Somehow I have to do it, to check again. I enter into the search box: girl, blond, green eyes, seventeen. Hit the search button.
Pages of hits come up but it isn’t long before I spot her, and click on her image to enlarge the listing.
Her face – my face – fills the screen. Lucy Connor, ten years old, missing from school in Keswick. Seven years ago now, but you can still tell it is me. She looks absurdly happy, smiling at the camera holding a grey kitten.
A birthday present.
I gasp as the knowledge hits me. The kitten was her – my – tenth birthday present.
‘Are you all right, Kyla?’ Mac asks.
Tears are smarting my eyes. I’ve never had a memory like that, of Lucy’s life, just appear in my mind before. Ever. Only snippets in dreams. Mostly nightmares of horrible things, until the chess-playing dream the other night. But dreams access the unconscious. This time, I was awake. She should be gone, completely gone; Nico said so. What can it mean?
Mac puts a hand over mine. ‘What is it?’
‘It’s just that for a second there, I thought I could remember something. That kitten.’ I sigh. ‘I must be going mental.’
‘Have you changed your mind about MIA?’ he asks. He looks at the screen and I follow his eyes. There is a button, marked ‘found’. One click of the mouse and I could find out. Who reported Lucy missing? Maybe my dad. Maybe we could play chess again.
I shake my head. No. My life is enough of a mess, and apart from a few fragments of dreams, I don’t even know my real family. Anyhow, I can’t risk Free UK or Lorders following me to them: they are better off missing me.
Time to get to my reason for being here. ‘Are you involved with MIA?’
‘I’m more of a…relay, than anything else. Why?’
‘I was wondering something. Can you get Ben put on MIA?
Mac stares back. He knows Ben’s story, more or less. Even if he doesn’t know my role in it. That Ben was taken off by Lorders. He must think it will be a waste of time, that there is nothing left of Ben to be found. He’s probably right.
But he nods. ‘Of course. Have you got a photo?’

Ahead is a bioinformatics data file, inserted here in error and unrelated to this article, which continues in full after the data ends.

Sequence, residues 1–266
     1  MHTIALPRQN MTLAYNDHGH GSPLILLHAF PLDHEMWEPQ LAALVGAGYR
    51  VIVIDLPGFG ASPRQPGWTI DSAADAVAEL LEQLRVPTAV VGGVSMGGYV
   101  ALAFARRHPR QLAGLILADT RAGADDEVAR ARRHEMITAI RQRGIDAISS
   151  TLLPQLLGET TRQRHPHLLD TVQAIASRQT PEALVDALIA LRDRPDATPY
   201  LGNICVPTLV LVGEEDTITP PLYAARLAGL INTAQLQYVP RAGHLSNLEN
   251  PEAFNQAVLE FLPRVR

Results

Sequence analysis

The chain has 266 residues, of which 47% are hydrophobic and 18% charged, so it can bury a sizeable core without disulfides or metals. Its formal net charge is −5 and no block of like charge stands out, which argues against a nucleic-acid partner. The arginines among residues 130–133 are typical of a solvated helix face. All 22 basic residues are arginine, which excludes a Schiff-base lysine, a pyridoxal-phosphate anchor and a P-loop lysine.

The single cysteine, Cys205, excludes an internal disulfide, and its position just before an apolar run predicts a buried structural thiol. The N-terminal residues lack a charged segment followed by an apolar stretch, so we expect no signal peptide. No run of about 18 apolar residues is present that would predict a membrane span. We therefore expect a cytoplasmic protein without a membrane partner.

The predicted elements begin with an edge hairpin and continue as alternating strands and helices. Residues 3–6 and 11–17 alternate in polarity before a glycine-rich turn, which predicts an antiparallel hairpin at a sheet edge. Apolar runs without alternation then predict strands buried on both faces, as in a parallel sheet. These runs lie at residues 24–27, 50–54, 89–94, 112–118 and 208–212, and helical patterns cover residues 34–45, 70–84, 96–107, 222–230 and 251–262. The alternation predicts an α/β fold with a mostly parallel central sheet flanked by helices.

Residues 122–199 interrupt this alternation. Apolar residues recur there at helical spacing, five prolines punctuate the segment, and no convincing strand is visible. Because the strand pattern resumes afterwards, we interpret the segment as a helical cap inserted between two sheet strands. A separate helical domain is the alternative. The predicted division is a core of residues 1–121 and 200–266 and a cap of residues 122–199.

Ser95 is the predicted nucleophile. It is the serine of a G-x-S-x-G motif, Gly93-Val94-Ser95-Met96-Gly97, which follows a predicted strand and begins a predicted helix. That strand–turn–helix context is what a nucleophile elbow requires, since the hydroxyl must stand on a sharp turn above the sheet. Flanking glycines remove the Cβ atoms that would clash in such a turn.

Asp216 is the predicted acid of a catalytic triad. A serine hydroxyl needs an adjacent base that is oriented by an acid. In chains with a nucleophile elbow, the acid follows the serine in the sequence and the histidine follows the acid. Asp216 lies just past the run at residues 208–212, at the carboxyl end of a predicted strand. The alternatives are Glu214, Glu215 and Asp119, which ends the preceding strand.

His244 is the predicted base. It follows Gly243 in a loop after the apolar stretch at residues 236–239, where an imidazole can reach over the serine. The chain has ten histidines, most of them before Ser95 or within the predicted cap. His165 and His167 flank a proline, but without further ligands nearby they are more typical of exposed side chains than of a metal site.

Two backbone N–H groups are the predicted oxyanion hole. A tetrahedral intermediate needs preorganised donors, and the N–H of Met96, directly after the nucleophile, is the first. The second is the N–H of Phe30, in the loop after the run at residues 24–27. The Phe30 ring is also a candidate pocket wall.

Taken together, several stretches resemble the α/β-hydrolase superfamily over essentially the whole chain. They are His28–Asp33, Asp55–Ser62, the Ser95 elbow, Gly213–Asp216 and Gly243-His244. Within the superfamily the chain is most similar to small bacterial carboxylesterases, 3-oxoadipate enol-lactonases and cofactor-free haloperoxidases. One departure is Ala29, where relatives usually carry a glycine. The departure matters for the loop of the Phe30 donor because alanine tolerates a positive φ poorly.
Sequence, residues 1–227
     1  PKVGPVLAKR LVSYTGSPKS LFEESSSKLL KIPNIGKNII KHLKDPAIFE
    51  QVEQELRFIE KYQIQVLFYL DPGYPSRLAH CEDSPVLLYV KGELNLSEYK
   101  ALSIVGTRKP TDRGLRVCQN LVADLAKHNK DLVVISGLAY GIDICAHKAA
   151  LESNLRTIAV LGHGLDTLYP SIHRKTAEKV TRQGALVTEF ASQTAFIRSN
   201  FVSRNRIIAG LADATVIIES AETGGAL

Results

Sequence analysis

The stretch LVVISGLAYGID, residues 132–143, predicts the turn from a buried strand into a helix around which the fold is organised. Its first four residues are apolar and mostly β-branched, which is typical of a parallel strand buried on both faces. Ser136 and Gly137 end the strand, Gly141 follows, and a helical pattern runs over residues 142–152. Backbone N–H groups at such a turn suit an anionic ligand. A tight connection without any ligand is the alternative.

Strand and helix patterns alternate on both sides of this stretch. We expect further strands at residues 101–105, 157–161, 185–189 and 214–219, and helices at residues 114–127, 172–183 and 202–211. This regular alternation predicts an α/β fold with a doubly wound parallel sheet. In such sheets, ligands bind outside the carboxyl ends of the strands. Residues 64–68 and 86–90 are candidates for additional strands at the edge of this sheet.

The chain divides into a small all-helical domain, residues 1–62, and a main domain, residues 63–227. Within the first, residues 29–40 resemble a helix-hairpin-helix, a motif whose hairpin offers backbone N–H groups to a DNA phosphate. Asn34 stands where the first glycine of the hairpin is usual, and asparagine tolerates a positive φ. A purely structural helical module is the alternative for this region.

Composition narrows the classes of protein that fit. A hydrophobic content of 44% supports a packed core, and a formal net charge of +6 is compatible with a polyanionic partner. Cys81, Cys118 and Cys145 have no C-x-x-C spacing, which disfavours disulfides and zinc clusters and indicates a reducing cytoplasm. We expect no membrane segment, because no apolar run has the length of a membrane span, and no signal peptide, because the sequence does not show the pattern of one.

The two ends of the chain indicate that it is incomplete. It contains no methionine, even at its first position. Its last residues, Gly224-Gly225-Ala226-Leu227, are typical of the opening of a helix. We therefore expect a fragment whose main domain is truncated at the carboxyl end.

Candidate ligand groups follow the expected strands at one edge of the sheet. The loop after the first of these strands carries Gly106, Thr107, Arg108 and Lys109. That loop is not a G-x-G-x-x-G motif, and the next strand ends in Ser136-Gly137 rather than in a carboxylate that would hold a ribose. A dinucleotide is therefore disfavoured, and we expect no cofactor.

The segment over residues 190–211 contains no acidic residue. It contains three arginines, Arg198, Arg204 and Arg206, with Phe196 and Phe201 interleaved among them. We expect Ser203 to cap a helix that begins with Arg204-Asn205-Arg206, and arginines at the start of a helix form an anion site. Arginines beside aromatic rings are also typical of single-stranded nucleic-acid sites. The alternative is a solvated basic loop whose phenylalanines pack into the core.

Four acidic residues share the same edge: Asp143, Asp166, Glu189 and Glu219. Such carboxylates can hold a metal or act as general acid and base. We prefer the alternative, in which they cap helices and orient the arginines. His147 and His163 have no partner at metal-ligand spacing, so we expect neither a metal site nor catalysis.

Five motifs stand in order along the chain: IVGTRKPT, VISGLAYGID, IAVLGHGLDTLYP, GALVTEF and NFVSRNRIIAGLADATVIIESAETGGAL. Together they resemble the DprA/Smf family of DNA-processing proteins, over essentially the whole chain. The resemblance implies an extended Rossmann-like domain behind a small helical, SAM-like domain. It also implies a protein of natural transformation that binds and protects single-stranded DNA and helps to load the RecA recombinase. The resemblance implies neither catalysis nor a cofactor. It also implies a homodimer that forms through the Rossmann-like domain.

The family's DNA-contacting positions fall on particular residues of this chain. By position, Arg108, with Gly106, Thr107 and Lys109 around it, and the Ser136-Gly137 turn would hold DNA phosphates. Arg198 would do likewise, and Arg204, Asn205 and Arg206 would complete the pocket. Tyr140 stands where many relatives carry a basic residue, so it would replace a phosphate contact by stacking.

I shake my head. ‘No. But I’ve got this,’ I say, and pull my drawing of Ben out of my pocket. I’d spent hours on it, making it as lifelike as possible. ‘Is it good enough?’
He whistles. ‘It is more than good; it’s him. It’s perfect. But it’ll have to be scanned, and I haven’t got one here. I’ll get Aiden to do it. All right?’
I force reaction from my face, hide dismay. ‘Thanks,’ is all I say. Mac’s friend, Aiden was the one whose stories of Slateds cutting off their Levos gave Ben the idea to try it in the first place. It was Aiden’s Happy Pills that made the attempt possible. Aiden was also the one who wanted me to report myself found on MIA, such a breach of the rules Slateds must live by that it would be a certain death sentence if Lorders found out. He wasn’t a terrorist, he said, but an activist: trying to change things in other ways.
Maybe. But at least he doesn’t kill people. Thinking of Robert earlier reminded me of all those students who died. Killed by stray AGT bombs meant for Lorders. I’d had nightmares of that bus attack when I first learned of it, but I couldn’t have been there! I was only ten years old when it happened.
But Nico could have been.
No. Nico would never do that, not a busload of innocent school kids. He wouldn’t. His fight is against the Lorders. My fight.
I convince Mac that I’m all right, to leave me alone to compose myself, and stay looking at Lucy on the screen. What happened to her? I can’t work it out. One minute she is a happy kid with a kitten, a dad who lets her win at chess. The next? I shake my head. She disappears age ten, then somehow there is a huge jump, a gap in time. Rain’s memories don’t begin until about age fourteen, training with Nico and other teenagers, off in some boot camp in the woods. Learning how to shoot guns and blow things up.